Well, I will start by saying not including it as one of our ten practices was a very conscious decision, in part because we feel like everybody is fire hosed with information about particularly diet and exercise in this sort of moment in time in our fitness space. And what we realized is, ultimately, we are totally exercise agnostic. You'd think we wouldn't be? We owned a CrossFit gym for 17 years. We've worked with elite athletes. We both have certain ways that we like to train. But one of our own evolutions over the last ten or 15 years is becoming exercise agnostic. Those of your listeners who read the book, you will see we do pay homage to the fact that we both do love to exercise. Exercising is a huge part of our life. It's how we both probably manage our mental health. It's what we like to do. It's our hobby. We used to both be professional athletes. So, yes, we are huge believers in exercise. We believe people should do it. But we really wanted to not write an exercise book. We didn't want to put a stake in the ground about what exercise is or isn't the best.

[00:50:58.150] – Juliet

And our philosophy has really become so reasonable that we are of the mind that, yes, people should exercise.

[00:51:06.600] – Kelly

And we can define that as you should probably breathe hard and you should lift a weight.

[00:51:09.980] – Juliet

You should be under breathe hard and lift a weight. But how you do that, man, the sky's the limit. Because what we've seen over the years is people will do what they enjoy. And what people enjoy is wide ranging. I mean, whether that's pickleball or zumba or CrossFit or orange theory or triathlons or you name it, right. When people are told to do something that they don't enjoy, they don't do it. Period, end. If you don't enjoy doing it, you will not do it. And so we do think it's critical. Anyone who follows us online knows that we do exercise and we love exercising, but we really wanted to sort of stay out of that lane and say, yes, we think you should breathe hard and lift a weight, and how you do that is really up to you. Anything to add to that?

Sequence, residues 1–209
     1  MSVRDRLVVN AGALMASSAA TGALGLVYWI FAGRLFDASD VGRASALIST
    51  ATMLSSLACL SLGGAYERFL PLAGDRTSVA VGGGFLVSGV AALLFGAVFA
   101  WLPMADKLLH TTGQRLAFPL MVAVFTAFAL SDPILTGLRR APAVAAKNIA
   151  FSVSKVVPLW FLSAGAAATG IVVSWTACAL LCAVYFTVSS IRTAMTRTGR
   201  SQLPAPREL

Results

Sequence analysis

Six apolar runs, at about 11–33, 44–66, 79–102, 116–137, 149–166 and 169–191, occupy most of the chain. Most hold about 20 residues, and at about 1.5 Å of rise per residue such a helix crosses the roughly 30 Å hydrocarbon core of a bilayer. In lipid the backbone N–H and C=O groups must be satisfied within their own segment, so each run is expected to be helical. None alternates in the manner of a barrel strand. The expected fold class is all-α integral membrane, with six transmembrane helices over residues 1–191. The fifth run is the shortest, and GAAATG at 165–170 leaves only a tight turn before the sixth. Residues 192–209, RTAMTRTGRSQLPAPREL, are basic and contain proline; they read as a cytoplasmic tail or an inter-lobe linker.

[00:51:56.740] – Kelly

I think Supple Leopard comes out ten years ago in a month, and if you'd asked me then, I would have been like, yes, you should have a double body weight deadlift, and you should be able to write.

[00:52:07.770] – Juliet

That was 39 year old Kelly.

[00:52:11.460] – Kelly

What I will say is one of the things that's nice about this book is that you can actually use it as a diagnostic tool, and that if you enjoy some exercise and you think you're doing it, come in and take some of our tests and see how well your exercise regime is actually supporting your native movement. And ultimately, one of the things we'd like to see is that you can hit some of these things and conjoin some of these things. If you're doing good strength conditioning, you're working on balance, you probably don't need to do lots of extra balance. You can work it in. You're working on breathing in there. But ultimately what we've realized is watching the world expand in sort of hyper technicality, the confusion that is the internet with exercise is that that message isn't getting there. And that if we told people to exercise more and here are more COVID body weight pump shred exercises you can do in your living room with a therapy and a book, that message hasn't changed the range of motions or capacitives of someone. So I think if everyone had a kettlebell and a jump rope or a kettlebell in their kitchen and a hill, I mean, there's an old Russian coach, I think, or he was an Eastern block throws coach, and someone asked him, what should you do for cardio?

[00:53:24.760] – Kelly